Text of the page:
Kitted out with an array
of high end and futuristic
features, and with ample
space for large groups of
people, Le Boat’s new craft
is designed for luxurious
Continental cruising.
Mark Langley puts it to
the test on the Thames…
he Le Boat Vision 4SL is quite unlike most
inland craft afloat. Primarily built for cruising
the broad waterways of Continental Europe
(and the UK’s larger rivers), it is designed to
give unashamedly luxurious accommodation for eight or
nine people, while also being easy to handle. It is available
from Le Boat, both as a private ownership craft and
one that can be chartered across Europe, and is built in
sturdy GRP by renowned French boatbuilder Beneteau.
Stepping aboard the boat for the first time, it seemed
huge – almost too big for our testing ground of the
gentle River Thames. A low stern deck gives easy
access, while the side decks are substantial and very
easy to walk around. The deck is stepped towards the
bow – with a plentiful supply of handholds making
it easy for the most timid crew to move around.
A staircase leads up from the aft deck to the sundeck,
on top of the cabin. Storage lockers abound – there
is even a second fridge up here, along with a gas
barbeque. There is upholstered seating for ten people
on several sofas and sunbeds, plus a huge table for
al fresco dining – all covered by a bimini sun cover.
Although the cover wasn’t fitted to our Thames test
boat just yet, it would be essential on the Canal du
Midi in summer. The upper helm position is on
the centreline, quite forward on the sundeck.
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Above: The
upper helm
station has
the electronic
including the
joystick for
and the screen
for the two
cameras fitted
at the bow and
stern. Forward
of the helm is
the stairwell
down to the
saloon and a
large sunpad
area – which on
some boats has
been the base
for several large
solar panels.
Above right:
barbeque and
sink on the
top deck.
Left: A simple,
control panel
shows the state
of battery banks,
power input
and useage,
plus the levels
in the diesel,
water and toilet
waste tanks. The
system can be
to give quite
information for
owners, or left
more basic for
those hiring
the boat.
In addition to the aft staircase, at the front of the boat
a large hatch opens up to give another set of widetread stairs, which descend into the forward saloon and
galley. Once down, you are faced with a huge U-shaped
dinette, where the table (and seating) is split down the
middle, to give safe access to the foredeck through a
huge, opening, glazed hatch. In fact, the entire saloon is
glazed around 180º, which is useful, as a second helm
position is fitted low to starboard. Here there are also
the principal controls for the engineering systems.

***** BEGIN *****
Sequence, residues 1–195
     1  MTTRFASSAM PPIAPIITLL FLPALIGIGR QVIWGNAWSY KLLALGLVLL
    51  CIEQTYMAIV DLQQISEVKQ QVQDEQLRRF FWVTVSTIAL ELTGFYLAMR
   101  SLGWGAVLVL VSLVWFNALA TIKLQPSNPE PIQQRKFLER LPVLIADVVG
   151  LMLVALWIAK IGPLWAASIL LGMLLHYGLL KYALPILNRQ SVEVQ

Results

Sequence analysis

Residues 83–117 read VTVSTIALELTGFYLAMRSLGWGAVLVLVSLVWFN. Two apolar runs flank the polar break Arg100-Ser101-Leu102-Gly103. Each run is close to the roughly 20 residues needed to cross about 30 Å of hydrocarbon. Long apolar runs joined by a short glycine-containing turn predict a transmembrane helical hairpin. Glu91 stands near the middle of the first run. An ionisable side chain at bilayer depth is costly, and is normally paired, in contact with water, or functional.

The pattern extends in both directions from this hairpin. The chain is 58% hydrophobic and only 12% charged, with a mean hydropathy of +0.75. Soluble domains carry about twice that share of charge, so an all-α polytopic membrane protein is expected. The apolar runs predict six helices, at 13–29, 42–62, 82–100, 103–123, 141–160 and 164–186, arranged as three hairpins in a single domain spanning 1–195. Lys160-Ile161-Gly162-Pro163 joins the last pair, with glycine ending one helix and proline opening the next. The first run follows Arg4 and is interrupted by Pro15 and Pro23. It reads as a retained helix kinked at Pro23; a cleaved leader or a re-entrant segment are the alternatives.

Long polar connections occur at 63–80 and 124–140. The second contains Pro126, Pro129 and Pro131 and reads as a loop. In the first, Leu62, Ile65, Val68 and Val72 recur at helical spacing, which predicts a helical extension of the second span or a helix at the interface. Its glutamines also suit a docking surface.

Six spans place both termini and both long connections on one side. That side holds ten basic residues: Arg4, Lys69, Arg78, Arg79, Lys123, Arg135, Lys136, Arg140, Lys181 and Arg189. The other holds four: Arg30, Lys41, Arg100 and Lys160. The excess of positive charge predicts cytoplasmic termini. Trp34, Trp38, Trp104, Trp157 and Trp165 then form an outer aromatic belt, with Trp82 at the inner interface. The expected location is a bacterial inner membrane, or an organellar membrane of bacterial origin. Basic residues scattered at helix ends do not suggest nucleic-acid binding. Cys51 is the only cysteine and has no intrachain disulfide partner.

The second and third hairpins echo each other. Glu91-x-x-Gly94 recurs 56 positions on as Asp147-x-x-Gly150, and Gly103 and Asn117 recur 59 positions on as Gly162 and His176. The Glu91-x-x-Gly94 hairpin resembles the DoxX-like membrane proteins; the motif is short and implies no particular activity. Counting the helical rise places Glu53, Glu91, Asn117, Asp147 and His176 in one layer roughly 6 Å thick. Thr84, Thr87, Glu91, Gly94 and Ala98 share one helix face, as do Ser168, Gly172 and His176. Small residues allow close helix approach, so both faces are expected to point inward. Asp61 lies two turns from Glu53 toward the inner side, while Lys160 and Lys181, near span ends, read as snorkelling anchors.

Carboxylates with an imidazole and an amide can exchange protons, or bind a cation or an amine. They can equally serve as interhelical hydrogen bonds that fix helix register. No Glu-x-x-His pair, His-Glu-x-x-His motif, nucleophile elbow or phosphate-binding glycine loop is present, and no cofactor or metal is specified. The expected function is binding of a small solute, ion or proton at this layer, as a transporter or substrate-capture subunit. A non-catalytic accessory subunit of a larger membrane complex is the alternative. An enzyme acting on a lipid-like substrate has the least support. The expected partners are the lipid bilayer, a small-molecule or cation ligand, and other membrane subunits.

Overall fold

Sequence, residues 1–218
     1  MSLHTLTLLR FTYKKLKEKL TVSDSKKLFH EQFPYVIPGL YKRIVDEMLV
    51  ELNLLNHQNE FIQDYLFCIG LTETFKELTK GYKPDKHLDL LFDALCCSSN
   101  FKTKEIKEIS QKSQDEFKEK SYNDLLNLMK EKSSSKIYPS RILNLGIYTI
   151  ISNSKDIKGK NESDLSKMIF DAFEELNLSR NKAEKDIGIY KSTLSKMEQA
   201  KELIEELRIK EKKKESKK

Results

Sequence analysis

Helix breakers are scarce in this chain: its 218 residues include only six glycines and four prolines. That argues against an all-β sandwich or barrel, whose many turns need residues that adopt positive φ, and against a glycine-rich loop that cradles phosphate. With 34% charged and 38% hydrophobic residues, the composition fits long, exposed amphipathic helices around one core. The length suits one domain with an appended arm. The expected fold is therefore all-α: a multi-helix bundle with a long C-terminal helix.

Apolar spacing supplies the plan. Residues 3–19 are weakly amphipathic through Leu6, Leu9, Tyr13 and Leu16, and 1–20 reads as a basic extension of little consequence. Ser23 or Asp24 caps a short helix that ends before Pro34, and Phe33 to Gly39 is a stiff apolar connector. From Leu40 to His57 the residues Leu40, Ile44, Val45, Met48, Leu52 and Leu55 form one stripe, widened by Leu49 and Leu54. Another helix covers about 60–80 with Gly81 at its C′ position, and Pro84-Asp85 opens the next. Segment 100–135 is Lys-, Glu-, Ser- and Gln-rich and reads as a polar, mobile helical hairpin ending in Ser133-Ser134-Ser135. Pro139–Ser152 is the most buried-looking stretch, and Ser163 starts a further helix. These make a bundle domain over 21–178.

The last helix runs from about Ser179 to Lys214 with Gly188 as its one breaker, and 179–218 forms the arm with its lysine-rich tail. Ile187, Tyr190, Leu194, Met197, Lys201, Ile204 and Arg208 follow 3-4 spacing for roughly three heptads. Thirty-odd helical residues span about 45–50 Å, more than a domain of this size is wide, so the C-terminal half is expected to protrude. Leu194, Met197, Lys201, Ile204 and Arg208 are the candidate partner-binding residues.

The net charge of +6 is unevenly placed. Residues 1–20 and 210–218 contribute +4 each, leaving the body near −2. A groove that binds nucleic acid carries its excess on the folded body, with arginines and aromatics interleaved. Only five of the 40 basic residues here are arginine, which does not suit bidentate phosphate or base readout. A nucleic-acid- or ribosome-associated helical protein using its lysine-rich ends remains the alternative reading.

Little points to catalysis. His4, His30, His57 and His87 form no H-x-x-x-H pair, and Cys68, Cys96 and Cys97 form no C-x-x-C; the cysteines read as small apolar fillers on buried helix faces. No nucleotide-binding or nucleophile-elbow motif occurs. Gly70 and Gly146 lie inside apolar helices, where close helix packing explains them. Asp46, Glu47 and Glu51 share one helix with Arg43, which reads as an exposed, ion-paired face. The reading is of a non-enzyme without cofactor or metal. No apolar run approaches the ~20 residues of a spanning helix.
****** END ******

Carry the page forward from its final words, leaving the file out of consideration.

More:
The galley takes the entire aft bulkhead, bar the corridor
space to starboard, and extends under the stairs to port.
There is a full-size cooker (with proper extractor hood
above), microwave, coffee-maker, saloon TV/DVD player,
plus lots of cupboards and workspace. However, the galley
is dominated by a huge (by boat standards) fridge freezer,
complete with chilled water dispenser. It provides a good
space, if not excessive, to be able to cook afloat for nine
people – though in warmer climes, many boaters would
be tempted by the sundeck barbeque or eating ashore.
Heading aft, a corridor runs the full length of the starboard
side, culminating in a wide door to the aft deck. Four cabins
lead from the corridor – each pair of cabins is a mirror
image in layout. A three cabin version is also available,
with the space given to more floor area within each cabin.
Le BoAT ViSion 4SL
u Length 49ft
by 14ft 9in
u Berths 8+1
u Engine Yanmar 75hp
u Cost £249,000
u Contact
02392 222343,
surrounds the
hull, with wide
decks and easy
boarding. A
large gangplank
can be itted in
three positions
on the stern, to
really simplify
getting on and
of the boat.
In every cabin there is a pair of full-size single berths,
which make a large double bed if one is slid over to join
the other. The bedside cabinet can then be easily relocated,
giving a quick conversion. Under the gunwale is space for
cups of tea, glasses, etc, while a decently large wardrobe,
glazed shelving units and plenty of under berth storage,
provide enough living space for couples staying for a
fortnight or longer.
Each cabin has its own ensuite bathroom. A large sink and
a Dometic macerator loo are fitted, with the floor being the
shower tray in wet room-style. A good sized extractor fan
combined with the efficient LED lighting make this a very
useable space. Above the sink is a translucent panel, which
allows light to be spilled into the bathroom from the corridor
– a surprisingly good idea that gives enough illumination in
the loo to use it without turning on lights during the day.
Left: The lower
helm position,
complete with
TV screen to
show where the
back and front
of the boat is.
The entire boat is air-conditioned, with individual controls
in each cabin, plus the saloon. The 48,000BTU (14kW)
air-conditioning unit is cooled by river water and powered
by the onboard cocooned Onan diesel generator. This is a
very quiet unit, with a gas-water separator in the exhaust,
to prevent the burbling, splashing exhaust that can annoy
other boaters around when moored up. The generator
also provides full 230V power, which is supplemented by
the pure sine wave inverter and/or the shoreline supply,
as required. All the systems are effectively automatic,
www.waterwaysworld.com | SEPTEMBER 2013 | 43
Above: Although
a huge boat,
the hull is very
and needs less
power than a
steel boat of
similar volume
to power it – the
extra reserve
horsepower is
more for light
coastal cruising
– such as around
the Venice
lagoons, or the
Etangs on the
Canal du Midi.
Below: The large
saloon has a
split table to
allow access to
the bow and
to give easy
seating for ten
or so people.
though a fully-functional touchscreen control is mounted